Date of Award


Degree Type


Degree Name

Doctor of Philosophy


Chemical Engineering

Major Professor

Ramki Kalyanaraman

Committee Members

Gerd Duscher, Dibyendu Mukherjee, Michael Hu, Alexander B. Papandrew, Siris O. Laursen


Metal particles of the dimensions of the order of 1 to 100's of nanometers show unique properties that are not clearly evident in their bulk state. These nanoparticles are highly reactive and sensitive to the changes in the vicinity of the particle surface and hence find applications in the field of sensing of chemical and biological agents, catalysis, energy harvesting, data storage and many more. By synthesizing bimetallic nanoparticles, a single nanoparticle can show multifunctional characteristics. The focus of this thesis is to detail the synthesis and understand the properties of bimetallic nanomaterial systems that show interesting optical, chemical, and magnetic behaviors, some of which fall into the category of a symbiotic behavior. Symbiosis is the mutual sharing of resources between two individual organisms. The potential design considerations in the synthesis of such symbiotic nanomaterials include their position in the electrochemical series, thermodynamic immiscibility, and vastly contrasting properties, such as plasmonic (Ag) and ferromagnetic (Co). In addition to these aspects, nanostructure size, shape, and composition can also play an important role in the ensuing optical, magnetic and chemical behaviors. For this work, two different synthesis routes were utilized to make nanostructures of various shapes, size, composition and spacing. The second part of the thesis focused on to understand the relationship between the role of intrinsic and extrinsic factors on the optical and chemical properties of these bimetallic nanostructures. From measurements of the plasmonic resonance energy and bandwidth, we developed a quantitative picture of the dependence of oxidation stability, plasmon quality factor and the radiative quantum efficiency on size and energy. These results showed that the bimetal nanoparticles could have comparable or better quality factor and quantum efficiency than pure Ag.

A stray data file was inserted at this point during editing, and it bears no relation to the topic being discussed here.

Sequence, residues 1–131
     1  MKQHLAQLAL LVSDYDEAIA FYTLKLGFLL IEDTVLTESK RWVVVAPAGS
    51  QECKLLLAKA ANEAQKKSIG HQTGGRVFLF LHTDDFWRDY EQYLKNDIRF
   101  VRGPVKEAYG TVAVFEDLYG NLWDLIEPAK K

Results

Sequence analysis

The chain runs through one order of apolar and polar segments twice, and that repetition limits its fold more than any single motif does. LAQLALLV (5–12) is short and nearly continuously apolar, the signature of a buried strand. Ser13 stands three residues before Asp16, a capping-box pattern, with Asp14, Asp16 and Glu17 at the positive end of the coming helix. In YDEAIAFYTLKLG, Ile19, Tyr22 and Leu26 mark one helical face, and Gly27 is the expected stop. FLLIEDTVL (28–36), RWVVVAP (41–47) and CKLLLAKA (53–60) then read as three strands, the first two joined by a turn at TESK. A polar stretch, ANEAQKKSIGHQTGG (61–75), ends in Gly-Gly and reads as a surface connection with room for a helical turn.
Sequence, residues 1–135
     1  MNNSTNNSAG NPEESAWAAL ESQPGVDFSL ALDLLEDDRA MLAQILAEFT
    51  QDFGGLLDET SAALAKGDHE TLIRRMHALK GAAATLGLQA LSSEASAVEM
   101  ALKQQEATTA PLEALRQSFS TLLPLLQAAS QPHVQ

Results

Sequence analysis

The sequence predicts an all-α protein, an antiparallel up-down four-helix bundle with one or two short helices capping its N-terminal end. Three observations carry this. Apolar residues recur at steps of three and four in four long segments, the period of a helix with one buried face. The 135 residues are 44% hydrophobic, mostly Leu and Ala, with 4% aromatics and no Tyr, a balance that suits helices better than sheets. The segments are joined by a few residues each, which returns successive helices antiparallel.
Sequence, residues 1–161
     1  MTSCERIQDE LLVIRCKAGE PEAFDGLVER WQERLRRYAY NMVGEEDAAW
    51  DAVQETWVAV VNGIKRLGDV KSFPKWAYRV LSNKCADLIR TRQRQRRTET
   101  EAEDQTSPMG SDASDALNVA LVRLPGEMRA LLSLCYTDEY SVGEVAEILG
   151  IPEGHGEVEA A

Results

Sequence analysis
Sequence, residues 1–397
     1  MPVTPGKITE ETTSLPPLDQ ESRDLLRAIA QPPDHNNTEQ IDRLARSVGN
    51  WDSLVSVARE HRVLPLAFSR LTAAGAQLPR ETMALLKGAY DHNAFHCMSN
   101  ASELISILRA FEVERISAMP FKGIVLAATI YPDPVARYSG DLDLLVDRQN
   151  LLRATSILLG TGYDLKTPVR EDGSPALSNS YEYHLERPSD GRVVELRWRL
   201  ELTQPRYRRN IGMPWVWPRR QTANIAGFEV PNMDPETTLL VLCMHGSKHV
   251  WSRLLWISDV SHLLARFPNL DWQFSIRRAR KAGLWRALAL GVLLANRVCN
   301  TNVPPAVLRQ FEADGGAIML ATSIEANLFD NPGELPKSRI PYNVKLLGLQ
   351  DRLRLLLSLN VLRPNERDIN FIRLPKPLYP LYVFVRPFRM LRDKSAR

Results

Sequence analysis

We also discovered a new class of thin film amorphous transparent semiconducting material. The semiconductor was made from a ternary oxide comprising of the metals Fe, Tb, and Dy. The combination of high visible light transparency, high conductivity and extraordinarily high mobility makes this material a potential candidate for use in thin film transistor and transparent conductor applications, and is a possible replacement for In-based materials.

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